“She doesn’t get to be traumatized!”
Firstly, let me say that my munchkin and her biological mother have a strained relationship. There’s plenty of reason for her to feel angry towards the woman who gave birth to her. Of course, that would almost be an upgrade to her current coldness and indifference. Except when moments like this happen when her emotions break through.
But that isn’t what I want to talk about now.
It’s the first afternoon she’s spoken to her mother, in, well, ever, as far as I know.
I’m cross legged on my oldest munchkin’s bed. She’s collapsed in a fit of tears. She believed her mother listened to her. She was so excited when she returned from their lunch together.
After which her mother went straight to court and outright lied about everything her daughter said. And her daughter knows it now. Oh, her mother will deny everything, pretend it was the court’s fault or her father’s or the daughter’s. But everyone knows the court would have given in to the daughter’s wishes, if her parents had both agreed.
She refuses to look at either of us.
Her dad does his best, “Your mother is traumatized, too, by all of this–”
“She doesn’t get to be traumatized!” Her words are jerked out of her mouth.
Only the words stop. She just sits there, crying.
I’m desperate to say something, but I don’t know what I can say to this little girl, and she is, despite her bravado, still very much a little girl.
It’s true what it says in The Little Prince, “It is such a secret place, the land of tears.”
We allow her to talk as long as she needs. Eventually we both exit the room. I hope she’ll be okay. No, I know she will be. She always is– it’s me that has trouble moving on.
Tomorrow, she’ll have forgotten the whole thing. Or at least she’ll not want us to mention it again. She’ll be a little cooler to her mother, a little less affectionate. I’m not sure her mother even notices.
I return to my bedroom and stare at the high ceiling.
Does her mother deserve to also feel traumatized? I don’t know. All her dad said was, “Your mother is in a traumatic place, too, and–” Before she snapped at, well, the world really.
If you ask me, her mother has zero rights to feel trauma. She had full decision making (not legally, but that doesn’t really matter a lot of the time, if you haven’t noticed how our legal and criminal systems work). Everything that happened was because the mother wanted it to happen. She should be goddman ecstatic. She got it all, didn’t she? Her daughter has to go to the school she wants for her. Leaving behind her friends, her passions, and her chance at being part of a skating team. But since when do emotions follow reason?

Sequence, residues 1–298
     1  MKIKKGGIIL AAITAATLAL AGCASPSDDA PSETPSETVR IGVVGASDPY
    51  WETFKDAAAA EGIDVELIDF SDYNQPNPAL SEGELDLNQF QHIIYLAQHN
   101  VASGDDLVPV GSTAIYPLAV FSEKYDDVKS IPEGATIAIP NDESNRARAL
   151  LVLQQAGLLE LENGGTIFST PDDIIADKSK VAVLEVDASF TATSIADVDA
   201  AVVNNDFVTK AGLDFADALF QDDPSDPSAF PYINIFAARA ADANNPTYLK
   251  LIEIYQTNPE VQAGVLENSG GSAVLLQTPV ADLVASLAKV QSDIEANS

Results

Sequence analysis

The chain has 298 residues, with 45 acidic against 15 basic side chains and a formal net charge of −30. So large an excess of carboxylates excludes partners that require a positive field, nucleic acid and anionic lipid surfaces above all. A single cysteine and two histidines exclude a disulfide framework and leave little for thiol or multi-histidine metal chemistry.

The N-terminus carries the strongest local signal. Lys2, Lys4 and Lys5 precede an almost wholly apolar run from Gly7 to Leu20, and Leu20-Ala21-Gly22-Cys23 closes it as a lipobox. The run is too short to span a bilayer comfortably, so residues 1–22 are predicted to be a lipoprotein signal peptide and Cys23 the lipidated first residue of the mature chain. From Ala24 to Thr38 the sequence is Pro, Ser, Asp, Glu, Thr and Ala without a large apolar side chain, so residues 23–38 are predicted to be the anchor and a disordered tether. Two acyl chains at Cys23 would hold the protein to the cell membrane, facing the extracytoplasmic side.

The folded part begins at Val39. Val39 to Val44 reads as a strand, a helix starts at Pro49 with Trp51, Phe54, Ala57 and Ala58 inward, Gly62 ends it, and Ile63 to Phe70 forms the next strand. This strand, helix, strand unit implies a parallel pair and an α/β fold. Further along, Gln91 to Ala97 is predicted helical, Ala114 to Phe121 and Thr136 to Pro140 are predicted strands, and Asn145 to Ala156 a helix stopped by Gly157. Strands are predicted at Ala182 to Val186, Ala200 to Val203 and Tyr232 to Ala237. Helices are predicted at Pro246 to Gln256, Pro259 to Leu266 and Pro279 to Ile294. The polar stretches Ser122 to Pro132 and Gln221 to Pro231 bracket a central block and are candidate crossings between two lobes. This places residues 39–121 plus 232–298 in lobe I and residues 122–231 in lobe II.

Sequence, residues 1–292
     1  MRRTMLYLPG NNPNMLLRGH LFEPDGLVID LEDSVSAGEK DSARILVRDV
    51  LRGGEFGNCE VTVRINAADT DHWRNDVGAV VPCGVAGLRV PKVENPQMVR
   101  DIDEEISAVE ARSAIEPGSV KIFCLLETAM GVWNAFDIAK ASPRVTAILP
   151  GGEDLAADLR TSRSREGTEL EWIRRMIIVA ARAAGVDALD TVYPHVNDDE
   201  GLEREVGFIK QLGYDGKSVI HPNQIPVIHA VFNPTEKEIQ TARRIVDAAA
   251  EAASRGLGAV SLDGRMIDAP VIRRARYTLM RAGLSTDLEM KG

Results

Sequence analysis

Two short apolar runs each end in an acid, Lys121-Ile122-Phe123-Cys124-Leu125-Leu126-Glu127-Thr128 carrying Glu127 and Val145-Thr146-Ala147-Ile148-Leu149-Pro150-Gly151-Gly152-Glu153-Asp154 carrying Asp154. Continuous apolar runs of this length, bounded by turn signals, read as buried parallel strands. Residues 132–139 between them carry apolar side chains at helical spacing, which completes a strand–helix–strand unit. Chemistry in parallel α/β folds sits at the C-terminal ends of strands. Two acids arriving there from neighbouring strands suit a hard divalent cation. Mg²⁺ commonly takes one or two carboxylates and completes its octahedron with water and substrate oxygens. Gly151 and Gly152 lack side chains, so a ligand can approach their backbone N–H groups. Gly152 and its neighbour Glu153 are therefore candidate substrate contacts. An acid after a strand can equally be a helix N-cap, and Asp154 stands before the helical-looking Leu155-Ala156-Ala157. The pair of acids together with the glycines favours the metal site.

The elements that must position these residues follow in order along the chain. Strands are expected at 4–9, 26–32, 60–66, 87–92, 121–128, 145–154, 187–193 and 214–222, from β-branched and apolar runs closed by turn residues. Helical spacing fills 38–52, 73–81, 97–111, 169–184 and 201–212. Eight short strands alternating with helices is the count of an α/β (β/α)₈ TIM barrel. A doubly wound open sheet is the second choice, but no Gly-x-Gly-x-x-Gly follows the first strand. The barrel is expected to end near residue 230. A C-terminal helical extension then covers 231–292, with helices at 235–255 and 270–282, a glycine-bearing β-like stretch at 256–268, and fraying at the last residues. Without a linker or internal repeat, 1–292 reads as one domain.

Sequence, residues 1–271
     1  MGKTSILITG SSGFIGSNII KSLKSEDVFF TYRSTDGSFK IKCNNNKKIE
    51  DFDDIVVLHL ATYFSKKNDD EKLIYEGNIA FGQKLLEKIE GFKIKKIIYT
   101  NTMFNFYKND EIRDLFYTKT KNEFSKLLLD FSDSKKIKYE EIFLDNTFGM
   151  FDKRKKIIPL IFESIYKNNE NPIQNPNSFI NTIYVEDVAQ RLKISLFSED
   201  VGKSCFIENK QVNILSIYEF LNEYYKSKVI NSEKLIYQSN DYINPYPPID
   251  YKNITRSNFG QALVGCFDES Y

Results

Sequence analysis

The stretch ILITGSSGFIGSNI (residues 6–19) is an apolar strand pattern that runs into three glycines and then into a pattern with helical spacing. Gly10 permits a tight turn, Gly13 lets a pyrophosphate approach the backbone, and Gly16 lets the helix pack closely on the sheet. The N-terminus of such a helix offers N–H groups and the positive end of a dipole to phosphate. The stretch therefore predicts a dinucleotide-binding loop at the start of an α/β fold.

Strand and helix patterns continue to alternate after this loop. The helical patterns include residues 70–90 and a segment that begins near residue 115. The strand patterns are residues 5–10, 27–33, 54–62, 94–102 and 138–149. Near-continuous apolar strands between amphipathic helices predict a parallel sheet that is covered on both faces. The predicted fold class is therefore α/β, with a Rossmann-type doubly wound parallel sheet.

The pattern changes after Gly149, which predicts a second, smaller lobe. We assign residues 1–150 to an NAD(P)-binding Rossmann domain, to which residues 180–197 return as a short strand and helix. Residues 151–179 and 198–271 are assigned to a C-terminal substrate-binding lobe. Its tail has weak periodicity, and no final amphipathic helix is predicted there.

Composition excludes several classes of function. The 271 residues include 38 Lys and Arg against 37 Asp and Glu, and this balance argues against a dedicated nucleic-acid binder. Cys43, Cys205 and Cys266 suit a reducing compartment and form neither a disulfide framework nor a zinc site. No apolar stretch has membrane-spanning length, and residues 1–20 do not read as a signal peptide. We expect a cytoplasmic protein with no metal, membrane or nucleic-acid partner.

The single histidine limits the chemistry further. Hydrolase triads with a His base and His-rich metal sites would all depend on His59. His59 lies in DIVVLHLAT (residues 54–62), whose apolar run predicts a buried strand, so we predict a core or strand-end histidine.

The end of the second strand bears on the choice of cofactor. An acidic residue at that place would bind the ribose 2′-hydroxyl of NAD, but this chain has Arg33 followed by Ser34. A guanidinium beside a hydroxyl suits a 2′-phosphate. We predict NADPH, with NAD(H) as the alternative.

I am sick of this scene replaying, only sometimes it’s a different child, but it’s always a direct result of their mother. Every time the children are told, “Give your mother a chance.” They did, they do. I don’t want to keep putting them through this. I’m tired.
People feel what they feel.
Justified or not. “Real” or not (I’ve said before, and I’ll hold to this, feelings may be valid but that doesn’t mean they’ve anything to do with reality). We don’t get to tell them how to feel. Emotions are both simple and complex.
You can manipulate them, you can encourage or discourage them; but you can’t control them. You certainly can’t tell someone, “You can’t feel this way!”
Which I wish we could, because it would be so nice. Just pretend they’re sour grapes, Kitty. Like the fable. You don’t want them anyway.
When she’s older, I’ll talk to her.
When the trauma is further behind her, and she’s open to listening. After her brain is formed to the point where she’s even capable of a significant conversation on this subject.
I’ll tell her that I think she was right, and that she was wrong. That it really wasn’t ever about being right or wrong. I’ll ask her to process how she felt. I’ll tell her I didn’t mean that her mother’s trauma was an excuse to hurt her, but it doesn’t mean it didn’t exist. And that when people operate within their trauma (related to my piece on “reevaluating, “abused people, abuse people”), they do things that they wouldn’t otherwise do.
It’s not time yet.